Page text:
So why do we feel the need to rewrite her?


Want to refresh your memory of the fairy tale? SurLaLune fairy tales has an annotated version of the Brothers Grimm tale from Andrew Lang’s Red Fairy book. And Angie has a great comparison of the fairy tale and Disney movie as part of her Project Disney.

~ More fairy tale legacies ~

Sleeping Beauty ~ Cinderella ~ Beauty and the Beast ~ The Little Mermaid ~ Snow White and Rose Red ~ Rapunzel ~ Jasmine ~ Twelve Dancing Princesses ~ Snow White ~ The Snow Queen

Posted in: fairy tales ~ ,


8 responses to “Fairy Tale Legacy: Rapunzel

  1. Rapunzel’s “passivity” is dictated largely by her situation. She’s been locked in a tower with no doors or stairs since the age of twelve (it’s kind of funny, we always seem to think it’s earlier than that but the Grimm tale says it was age twelve). Rapunzel does as much as she can for someone trapped in one location. Also, anyone who can give birth to and care for twins while wandering a desert deserves some kind of props for her strength.

    • Annie

      That’s a very good point – we accuse Rapunzel of being passive but it’s very circumstantial that would make any character in that situation passive. Seriously, twins are no joke πŸ™‚

  2. Great post on Rapunzel! It is interesting how Disney updated her – and how I feel like that has completely colored my view of the princess and the fairy tale, even though it is a recent film. But Disney is good at that LOL. I haven’t really thought of Rapunzel as a strong heroine, but of course your post makes so much sense – especially with how she is the one who has to save her Prince!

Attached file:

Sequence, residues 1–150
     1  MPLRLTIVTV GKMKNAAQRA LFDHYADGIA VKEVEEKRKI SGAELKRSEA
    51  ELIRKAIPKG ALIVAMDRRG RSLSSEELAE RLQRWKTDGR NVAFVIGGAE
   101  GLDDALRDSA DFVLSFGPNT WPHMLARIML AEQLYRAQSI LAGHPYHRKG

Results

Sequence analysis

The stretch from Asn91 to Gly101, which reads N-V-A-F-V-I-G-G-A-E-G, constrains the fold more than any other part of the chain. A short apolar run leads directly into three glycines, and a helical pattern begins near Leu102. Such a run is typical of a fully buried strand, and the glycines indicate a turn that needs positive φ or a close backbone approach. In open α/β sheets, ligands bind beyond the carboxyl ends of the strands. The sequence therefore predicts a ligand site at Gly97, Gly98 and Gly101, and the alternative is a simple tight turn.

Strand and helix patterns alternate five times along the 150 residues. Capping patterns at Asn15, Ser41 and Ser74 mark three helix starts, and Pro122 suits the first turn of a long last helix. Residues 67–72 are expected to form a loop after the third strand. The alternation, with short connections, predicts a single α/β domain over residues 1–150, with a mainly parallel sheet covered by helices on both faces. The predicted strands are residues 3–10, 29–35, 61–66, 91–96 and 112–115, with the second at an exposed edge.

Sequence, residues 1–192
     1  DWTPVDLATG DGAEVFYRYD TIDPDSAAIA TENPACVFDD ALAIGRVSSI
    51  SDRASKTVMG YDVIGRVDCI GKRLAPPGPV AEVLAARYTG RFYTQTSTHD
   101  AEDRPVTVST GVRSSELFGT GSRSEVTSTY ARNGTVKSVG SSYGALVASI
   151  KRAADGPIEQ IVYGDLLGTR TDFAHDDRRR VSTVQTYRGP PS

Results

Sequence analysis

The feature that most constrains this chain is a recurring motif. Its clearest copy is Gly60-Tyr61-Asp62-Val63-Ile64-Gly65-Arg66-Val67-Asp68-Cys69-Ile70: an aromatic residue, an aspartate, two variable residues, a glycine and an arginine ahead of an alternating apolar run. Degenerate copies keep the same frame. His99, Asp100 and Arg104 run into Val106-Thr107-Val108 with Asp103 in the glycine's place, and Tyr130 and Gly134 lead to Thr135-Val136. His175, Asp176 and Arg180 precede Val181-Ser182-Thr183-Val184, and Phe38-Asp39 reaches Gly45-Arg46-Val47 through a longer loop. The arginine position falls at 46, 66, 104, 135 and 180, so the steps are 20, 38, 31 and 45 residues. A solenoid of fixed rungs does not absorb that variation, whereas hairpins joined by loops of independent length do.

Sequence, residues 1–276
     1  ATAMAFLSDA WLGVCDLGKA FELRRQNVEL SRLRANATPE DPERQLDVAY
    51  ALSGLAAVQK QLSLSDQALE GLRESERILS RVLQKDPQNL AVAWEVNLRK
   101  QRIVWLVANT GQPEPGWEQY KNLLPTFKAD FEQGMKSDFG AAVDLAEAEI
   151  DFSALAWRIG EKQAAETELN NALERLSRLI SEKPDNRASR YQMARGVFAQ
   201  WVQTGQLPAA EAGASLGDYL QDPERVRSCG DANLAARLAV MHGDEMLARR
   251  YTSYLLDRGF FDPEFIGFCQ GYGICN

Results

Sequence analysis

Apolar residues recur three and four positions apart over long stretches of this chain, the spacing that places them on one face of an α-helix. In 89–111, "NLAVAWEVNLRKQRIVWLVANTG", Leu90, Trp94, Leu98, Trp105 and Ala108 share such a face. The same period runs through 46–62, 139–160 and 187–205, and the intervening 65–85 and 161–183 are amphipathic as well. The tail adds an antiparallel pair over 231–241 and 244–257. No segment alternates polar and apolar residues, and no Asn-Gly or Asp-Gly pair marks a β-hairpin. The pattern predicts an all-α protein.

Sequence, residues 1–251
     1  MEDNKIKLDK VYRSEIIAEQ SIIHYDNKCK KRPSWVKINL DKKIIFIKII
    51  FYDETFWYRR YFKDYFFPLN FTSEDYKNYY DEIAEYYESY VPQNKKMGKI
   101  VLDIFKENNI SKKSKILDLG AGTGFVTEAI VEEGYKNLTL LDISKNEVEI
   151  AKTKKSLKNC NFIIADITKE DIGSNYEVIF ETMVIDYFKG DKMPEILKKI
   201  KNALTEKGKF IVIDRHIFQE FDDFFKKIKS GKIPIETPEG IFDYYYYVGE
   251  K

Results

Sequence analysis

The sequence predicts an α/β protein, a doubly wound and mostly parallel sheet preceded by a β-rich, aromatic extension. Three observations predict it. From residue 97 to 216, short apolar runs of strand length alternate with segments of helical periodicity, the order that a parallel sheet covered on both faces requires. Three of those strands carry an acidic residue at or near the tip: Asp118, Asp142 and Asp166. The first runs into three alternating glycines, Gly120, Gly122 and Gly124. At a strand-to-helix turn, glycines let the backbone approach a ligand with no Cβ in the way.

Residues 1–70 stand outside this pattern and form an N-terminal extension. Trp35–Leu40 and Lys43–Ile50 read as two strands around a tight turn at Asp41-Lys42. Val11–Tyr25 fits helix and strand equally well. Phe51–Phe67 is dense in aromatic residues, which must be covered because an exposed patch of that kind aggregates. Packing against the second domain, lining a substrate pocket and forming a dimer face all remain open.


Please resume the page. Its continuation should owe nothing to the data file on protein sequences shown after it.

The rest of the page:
• Annie

      It’s amazing how Disney has that power to so strongly influence our views of these princesses. I’m curious to see in the next 15-20 years how young girls now will perceive Rapunzel and also some of the older stories that they maybe haven’t seen as much. Or how much things like Enchanted or Once Upon a Time will also effect that perception. Now that I’ve dived into this idea of our cultural perception of fairy tales I find it all so fascinating πŸ™‚

  3. I liked hearing about the origins of Rapunzel! I remembered Marissa Meyer saying something about the prince being blinded and we get that part of the story in Cress, but that is definitely glossed over in Tangled!

    • Annie

      I have yet to move past Cinder in Marissa Meyer’s books. But I’m always curious exactly how she handles the fairy tales. I don’t think Disney would EVER do anything like that πŸ™‚

  4. I love these posts of yours, they’re so thoughtful! I think that like you said, Rapunzel is a heroine that we automatically label as weak and in distress, and don’t think twice about. But she’s much more resourceful and curious than we give her credit for. I think her curiosity was definitely magnified in Tangled, and I just love the movie to pieces. I think that in some ways we rewrite the story to update it in some ways, but also to make the characters more relatable (with more of a personality) and to make an old story that has been passed down for so long come alive again in a new and exciting way for a different generation. We just love the tale so much that we want to add to it.

    • Annie

      thank you so much πŸ™‚ That’s a great point, Tangled really took her curiosity and magnified it and made her really endearing through that. And I agree, it’s good that we keep retelling these stories and making them relevant for each new generation. It’s a fun way to rediscover and reinvent these characters πŸ™‚